Sixty-one to sixty five years under Ukrainian governance might not seem like much to quibble over, except that it is clear Crimea’s ties to the Ukrainian homeland throughout history are indisputable.

Significant cultural and ethnic ties to West Ukraine (Halychyna) throughout the centuries are demonstrated recently for example by the fact that the priceless Tabernacle altar-piece (Qehal) of the Caraimean Karait Chapel (Kenesa) in Halych was removed to the small Chapel of the Caraimean Cathederal in Evpatoria by Caraimean Karaits in an attempt to preserve the endangered Caraimean heritage of West Ukraine. Further back in time, from the 890sAD, the “rebellious” Qara-Khazars of Crimea’s “Hun Kingdom” assisted the Magyars in Carpathian-Ruthenia to subdue the lands between the Slovaks and Balkan Bulgarians[6]. Later, 100 families of the original Molokan Karaits were settled in Halychyna (specifically Lviv) by hostage arrangement between Daniel of Galicia and Batu Khan in 1246AD. It was the Karaits in the area of West Ukraine and Trakai who enlisted Lithuania’s support in establishing the Crimean Khanate under Hacı Melek I’s Karait dynasty. Even while separated in Austrian and Russian Empires, the “Crimeans” of Halychyna and Crimea respectively – and even and far away as Lithuania  – operated as one undivided nation governed primarily by the Caraimean Spiritual Board of Tauria and Odesa. These days, still practicing Torah based religion combined with age-old belief in Christ and Muhammad[7], the vast majority of “Caraims” are Slavic-speaking Ukrainans but they, unlike other Ukrainians, have not forgotten Bulgar-Hun origins.

Kenasas

Kenasas in Halych (left), Kyiv (in the middle), and Lutsk (right).

In light of all this, it is therefore no wonder that Russia decided not to acknowledge the continued existence of Caraims as an ethnicity distinguished from Russian Jews.[8] Indeed the Soviets had deported them from West Ukraine to Archangelsk and Vorkuta, and the Crimean Tatars to Khazakhstan under Stalin. Nevertheless, the common origins with the Ukrainians around Poltava, Kubrat’s seat in Old Bulgaria, began long before the Kyivan Rus’ existed. Ukrainians might benefit from better education on the pre-Slavonic semi-nomadic broadly-religious peoples we descend from.  It is also important to promote this heritage to others who doubt our Nation’s claim to Crimea is based on anything more than 60-something years of administration.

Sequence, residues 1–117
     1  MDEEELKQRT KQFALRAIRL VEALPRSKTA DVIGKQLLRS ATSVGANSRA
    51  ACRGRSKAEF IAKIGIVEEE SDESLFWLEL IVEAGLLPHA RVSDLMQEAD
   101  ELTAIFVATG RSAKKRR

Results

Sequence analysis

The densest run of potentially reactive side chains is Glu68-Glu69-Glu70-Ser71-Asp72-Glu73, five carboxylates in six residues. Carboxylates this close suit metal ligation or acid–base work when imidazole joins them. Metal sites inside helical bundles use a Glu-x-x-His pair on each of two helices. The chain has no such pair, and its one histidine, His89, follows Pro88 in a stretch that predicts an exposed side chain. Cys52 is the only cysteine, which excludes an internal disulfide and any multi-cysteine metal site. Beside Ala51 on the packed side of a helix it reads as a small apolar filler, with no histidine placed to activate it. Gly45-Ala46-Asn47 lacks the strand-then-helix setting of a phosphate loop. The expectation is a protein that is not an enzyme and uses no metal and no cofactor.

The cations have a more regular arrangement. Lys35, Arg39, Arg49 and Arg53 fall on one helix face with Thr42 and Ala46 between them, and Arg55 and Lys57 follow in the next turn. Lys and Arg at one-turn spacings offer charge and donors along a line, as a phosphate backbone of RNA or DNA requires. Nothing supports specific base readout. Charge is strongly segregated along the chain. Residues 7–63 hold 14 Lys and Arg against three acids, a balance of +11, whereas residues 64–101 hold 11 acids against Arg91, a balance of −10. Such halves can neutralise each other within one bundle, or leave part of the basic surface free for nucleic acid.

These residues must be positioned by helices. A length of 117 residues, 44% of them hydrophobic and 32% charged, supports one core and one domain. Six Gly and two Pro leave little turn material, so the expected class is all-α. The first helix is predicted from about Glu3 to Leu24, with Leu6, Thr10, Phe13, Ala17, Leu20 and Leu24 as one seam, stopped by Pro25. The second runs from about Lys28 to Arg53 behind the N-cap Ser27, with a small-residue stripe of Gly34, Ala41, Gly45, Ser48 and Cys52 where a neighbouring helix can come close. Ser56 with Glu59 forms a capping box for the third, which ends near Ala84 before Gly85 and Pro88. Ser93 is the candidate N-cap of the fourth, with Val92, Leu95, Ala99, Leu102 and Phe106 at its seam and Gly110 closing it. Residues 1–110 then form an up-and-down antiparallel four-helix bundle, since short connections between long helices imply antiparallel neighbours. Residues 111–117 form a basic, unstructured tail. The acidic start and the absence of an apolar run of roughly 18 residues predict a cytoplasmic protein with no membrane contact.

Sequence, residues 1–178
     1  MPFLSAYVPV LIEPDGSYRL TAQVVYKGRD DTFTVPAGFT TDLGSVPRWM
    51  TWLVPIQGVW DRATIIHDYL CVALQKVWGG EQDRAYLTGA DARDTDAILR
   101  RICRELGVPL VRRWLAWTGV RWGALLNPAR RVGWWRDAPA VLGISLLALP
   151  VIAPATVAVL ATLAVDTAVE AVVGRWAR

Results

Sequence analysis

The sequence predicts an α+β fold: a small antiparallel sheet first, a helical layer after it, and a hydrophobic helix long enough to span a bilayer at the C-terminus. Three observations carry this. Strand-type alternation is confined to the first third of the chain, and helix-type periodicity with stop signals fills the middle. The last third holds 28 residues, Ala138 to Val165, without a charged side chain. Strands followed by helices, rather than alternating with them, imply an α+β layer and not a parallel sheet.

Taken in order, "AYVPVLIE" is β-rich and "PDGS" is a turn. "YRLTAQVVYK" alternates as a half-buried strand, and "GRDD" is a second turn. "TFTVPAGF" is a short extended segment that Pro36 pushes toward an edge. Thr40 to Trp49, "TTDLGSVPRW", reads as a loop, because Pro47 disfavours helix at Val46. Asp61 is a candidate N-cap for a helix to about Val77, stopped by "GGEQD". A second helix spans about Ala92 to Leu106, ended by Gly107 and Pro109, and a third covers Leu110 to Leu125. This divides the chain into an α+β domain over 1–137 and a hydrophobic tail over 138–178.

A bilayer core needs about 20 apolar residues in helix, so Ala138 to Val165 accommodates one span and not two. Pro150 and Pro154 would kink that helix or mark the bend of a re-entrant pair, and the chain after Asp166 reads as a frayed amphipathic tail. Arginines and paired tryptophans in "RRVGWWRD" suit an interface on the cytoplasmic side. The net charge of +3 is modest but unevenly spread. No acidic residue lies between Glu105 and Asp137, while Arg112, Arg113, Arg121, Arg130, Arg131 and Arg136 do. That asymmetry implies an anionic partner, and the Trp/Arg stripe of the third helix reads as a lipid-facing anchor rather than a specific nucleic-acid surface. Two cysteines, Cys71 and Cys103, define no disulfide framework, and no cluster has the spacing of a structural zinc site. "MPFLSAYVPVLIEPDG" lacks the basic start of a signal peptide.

There are substantial ethnic-cultural and socio-historical ties between Crimea and West Ukraine. Only in the 8th, 14th and 19th centuries did government come from the Volga. The origin of Ukraine’s Cossack[9] forerunners, the blond-haired, fair-skinned blue-eyed Polovtsi who fell-out with Kyiv for 175 years, which can not yet certainly be determined, is not unlikely Sarmatian/Qara-Khazar[10], but certainly not from Moscovy. Crimea’s Tatars of the 15th and of this century campaigned for support from the west. Therefore, claims that this territory historically belongs to the Russian Federation are based on a devastating double standard. If this area should be in Russia because of recent Russian immigrants[11], then Luton should belong to Bangladesh. If the argument is that annexation to Russia reflects the will of the population, then Japanese areas of Russia should belong to Japan, and perhaps Kalmykia and Buryatia should belong to Mongolia. Would Russia understand Ukraine’s distress better if perhaps Orenburg Oblast was forced into a referendum on joining Kazakhstan by seeing what that could kick-off in Bashkortostan and Tatarstan?

In retrospect, the history of the Taurian Peninsula demonstrates stronger ties between the territory and population of modern Ukraine and Crimea than Crimea and the territory of modern Russia. Therefore, Russian claims concerning “shared history” and “inseparability” of Crimea as “a part of Russia” may not serve as a sole justification for the brutal takeover.

Notes

[1] Ashkenaz, the Hebrew word for Gothia, derives from the Semitic word for Scythia.

[2] http://en.wikipedia.org/wiki/Rus%27_Khaganate#cite_note-magocsi62-2

[3] Douglas Morton Dunlop, “The Karaits of East Asia”, in Bulletin of the School of Oriental and African Studies, University of London, 1944.

[4] http://www.nehemiaswall.com/karaites-holocaust-case-mistaken-identity

[5] from the Aramaic, Arabic and Persian words for Church or Chapel

[6] The Alsószentmihály inscription is a trace of the Khavar Kara-Khazars’ presence in a Carpathian Magyar area.

[7] Crimean Karaites begin and end every ritual service with the Lord’s Prayer in a form thought to be derived directly from the Codex Cumanicus “Атамыз ки кёклярдя” (http://www.qypchaq.unesco.kz/Docs/KaraiMol/KaraiMol.pdf).See also http://crimean.institute/babi-yarhttp://turkology.tk/library/129, http://kavpolit.com/iudei-kavkaza/, http://www.kommersant.ru/doc/2289873, http://karai.crimea.ua/karai/religiya-karaimov, http://www.ng.ru/people/2003-10-01/5_karaim.html and http://www.qirim.info/?cat=9

[8] http://nazaccent.ru/column/61/

[9] The word Cossack is derived from the Polovtsian word for “free-wanderer” Kazakh Encyclopedia of the Stateless Nations: S-Z by James Minahan page 1966

[10] According to Caraimean tradition recorded by Firkovich, the Caraims and Khazars were “half-Scythian” Sarmatians descended from the lost “Ten Tribes”.

[11] http://pollotenchegg.livejournal.com/168684.html